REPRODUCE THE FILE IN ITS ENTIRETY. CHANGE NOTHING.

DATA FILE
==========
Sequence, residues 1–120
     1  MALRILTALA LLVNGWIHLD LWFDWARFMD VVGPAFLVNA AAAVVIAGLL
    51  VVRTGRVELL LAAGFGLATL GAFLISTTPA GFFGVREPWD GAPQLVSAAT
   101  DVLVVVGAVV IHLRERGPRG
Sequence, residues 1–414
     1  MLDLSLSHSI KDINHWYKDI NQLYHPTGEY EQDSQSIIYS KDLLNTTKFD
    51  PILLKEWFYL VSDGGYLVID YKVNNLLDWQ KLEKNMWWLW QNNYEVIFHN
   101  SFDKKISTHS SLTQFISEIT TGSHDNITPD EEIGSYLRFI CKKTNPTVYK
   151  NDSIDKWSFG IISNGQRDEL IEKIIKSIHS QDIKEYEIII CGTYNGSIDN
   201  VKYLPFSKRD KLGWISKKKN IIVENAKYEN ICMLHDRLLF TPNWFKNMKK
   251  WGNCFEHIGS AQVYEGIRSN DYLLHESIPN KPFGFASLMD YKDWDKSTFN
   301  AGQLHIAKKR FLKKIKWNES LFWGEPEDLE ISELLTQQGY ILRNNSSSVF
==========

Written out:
Sequence, residues 1–120
     1  MALRILTALA LLVNGWIHLD LWFDWARFMD VVGPAFLVNA AAAVVIAGLL
    51  VVRTGRVELL LAAGFGLATL GAFLISTTPA GFFGVREPWD GAPQLVSAAT
   101  DVLVVVGAVV IHLRERGPRG
Sequence, residues 1–414
     1  MLDLSLSHSI KDINHWYKDI NQLYHPTGEY EQDSQSIIYS KDLLNTTKFD
    51  PILLKEWFYL VSDGGYLVID YKVNNLLDWQ KLEKNMWWLW QNNYEVIFHN
   101  SFDKKISTHS SLTQFISEIT TGSHDNITPD EEIGSYLRFI CKKTNPTVYK
   151  NDSIDKWSFG IISNGQRDEL IEKIIKSIHS QDIKEYEIII CGTYNGSIDN
   201  VKYLPFSKRD KLGWISKKKN IIVENAKYEN ICMLHDRLLF TPNWFKNMKK
   251  WGNCFEHIGS AQVYEGIRSN DYLLHESIPN KPFGFASLMD YKDWDKSTFN
   301  AGQLHIAKKR FLKKIKWNES LFWGEPEDLE ISELLTQQGY ILRNNSSSVF